In an effort to crystallize sulfapyridine, (1), in its different polymorphic forms, we have prepared three new crystalline sulfapyridine solvates: sulfapyridine dioxane solvate, (2), sulfapyridine tetrahydrofuran solvate, (3), and sulfapyridine piperidinium salt, (4). We report here the crystal structures at 173 K along with the crystal structure of sulfapyridine (polymorph III) redetermined at 173 K. The crystal structure of a sulfapyridine tetrahydrofuran solvate with different unit-cell dimensions to those of (2) was determined previously at 150 K (Meyer et al., 2000). The conformations of the sulfapyridine molecules in these solvate structures provide additional examples of conformational polymorphism.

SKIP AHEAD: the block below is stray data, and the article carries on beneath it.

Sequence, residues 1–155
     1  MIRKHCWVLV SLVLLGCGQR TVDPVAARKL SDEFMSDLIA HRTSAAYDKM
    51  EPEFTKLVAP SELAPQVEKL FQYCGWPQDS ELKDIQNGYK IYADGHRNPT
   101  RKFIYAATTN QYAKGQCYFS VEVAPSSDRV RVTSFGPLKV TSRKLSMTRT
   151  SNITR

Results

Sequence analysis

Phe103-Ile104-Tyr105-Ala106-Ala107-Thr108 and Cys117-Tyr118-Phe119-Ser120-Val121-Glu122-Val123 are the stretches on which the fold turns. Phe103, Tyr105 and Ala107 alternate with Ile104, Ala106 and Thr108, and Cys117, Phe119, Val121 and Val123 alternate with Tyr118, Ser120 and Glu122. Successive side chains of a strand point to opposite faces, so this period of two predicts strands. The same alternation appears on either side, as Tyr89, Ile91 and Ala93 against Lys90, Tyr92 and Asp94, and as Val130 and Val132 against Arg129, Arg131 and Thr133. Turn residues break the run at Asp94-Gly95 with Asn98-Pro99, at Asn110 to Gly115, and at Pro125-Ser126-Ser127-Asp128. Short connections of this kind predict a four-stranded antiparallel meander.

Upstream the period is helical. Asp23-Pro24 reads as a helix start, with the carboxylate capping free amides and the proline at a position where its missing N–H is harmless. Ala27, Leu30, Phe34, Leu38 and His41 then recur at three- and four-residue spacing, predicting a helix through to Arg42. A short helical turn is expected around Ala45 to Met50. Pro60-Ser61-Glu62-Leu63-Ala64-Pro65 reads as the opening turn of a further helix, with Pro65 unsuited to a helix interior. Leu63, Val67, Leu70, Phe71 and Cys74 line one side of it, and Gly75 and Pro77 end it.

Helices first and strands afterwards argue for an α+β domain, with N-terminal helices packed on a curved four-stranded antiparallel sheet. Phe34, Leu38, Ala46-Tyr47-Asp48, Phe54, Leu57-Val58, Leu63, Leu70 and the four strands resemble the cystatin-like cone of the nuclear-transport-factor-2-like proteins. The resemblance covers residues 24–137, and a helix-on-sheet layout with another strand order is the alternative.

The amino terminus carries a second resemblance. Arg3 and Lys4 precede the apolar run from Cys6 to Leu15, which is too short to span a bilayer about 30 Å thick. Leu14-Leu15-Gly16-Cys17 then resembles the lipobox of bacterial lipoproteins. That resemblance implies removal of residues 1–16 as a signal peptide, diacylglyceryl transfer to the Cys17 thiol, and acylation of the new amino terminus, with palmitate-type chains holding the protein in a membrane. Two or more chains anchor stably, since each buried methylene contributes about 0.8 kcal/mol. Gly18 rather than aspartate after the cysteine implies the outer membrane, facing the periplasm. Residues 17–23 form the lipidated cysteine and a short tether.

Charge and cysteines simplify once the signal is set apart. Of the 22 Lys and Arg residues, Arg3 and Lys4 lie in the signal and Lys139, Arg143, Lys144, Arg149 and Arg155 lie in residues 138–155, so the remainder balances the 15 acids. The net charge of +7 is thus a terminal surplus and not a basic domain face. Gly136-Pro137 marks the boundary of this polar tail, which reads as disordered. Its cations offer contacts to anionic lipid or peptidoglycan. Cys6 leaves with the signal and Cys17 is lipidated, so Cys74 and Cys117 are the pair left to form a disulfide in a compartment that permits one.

Sulfapyridine, (1) (polymorph III; Fig. 1), and the sulfapyridine molecules in sulfapyridine dioxane solvate, (2) (Fig. 2), and sulfapyridine tetrahydrofuran solvate, (3) (Fig. 3), crystallized in the imide tautomeric form with the H atoms bonded to N2, the pyridine N atom. This seems to be the preference for sulfapyridine structures (Bar & Bernstein, 1985). Conversely, the sulfapyridine piperidine solvate, (4) (Fig. 4), crystallized in the amide tautomeric form as the piperidinium salt with the H atom located on the piperidine N atom. The conformation of the sulfapyridine molecules can be best described in terms of the angles between the three planar groups (i.e. the C1/S1/N1 plane, the benzene ring plane and the pyridine ring plane) and rotation around the C1-S1, S1-N1 and N1-C7 bonds. The angles between the planes are given in Table 1 and the torsion angles describing these rotations are given in Table 2. The solvated structures are generally similar to each other, although there is some rotational flexibility in the torsion angles resulting in a range of approximately 30° in the orientation of the benzene rings (described by the torsion angle C2-C1-S1-N1), from 101.6 (2)° in the tetrahydrofuran solvate, (3), to 132.7 (2)° in the dioxane solvate, (2). The orientation of the pyridine rings (described by the torsion angle N2-C7-N1-S1) showed a range of approximately 12°, from 165.45 (19)° in the piperidinium salt, (4), to 176.73 (17)° in the dioxane solvate, (2). This torsion angle in (1) [10.7 (3)°] suggests that the pyridine ring plane is flipped over relative to the pyridine rings in the solvated structures. In all the imide tautomers, the orientation of the pyridine ring is stabilized by hydrogen bonding involving the pyridine N2 atom. The planes of the benzene and pyridine rings are consistently near perpendicular in all four structures, with dihedral angles ranging from 85.35 (13)° in the dioxane solvate, (2), to 89.03 (14)° in the piperidinium salt, (4). The solvent in each of the solvated structures is located between these planes, with the center of mass of the solvate approximately bisecting this dihedral angle, resulting in an approximately equal distance between the center of mass of the solvate and the centers of mass of the pyridine and benzene ring planes. The variations in the molecular structures of the sulfapyridine molecules suggest that these molecules are conformational polymorphs.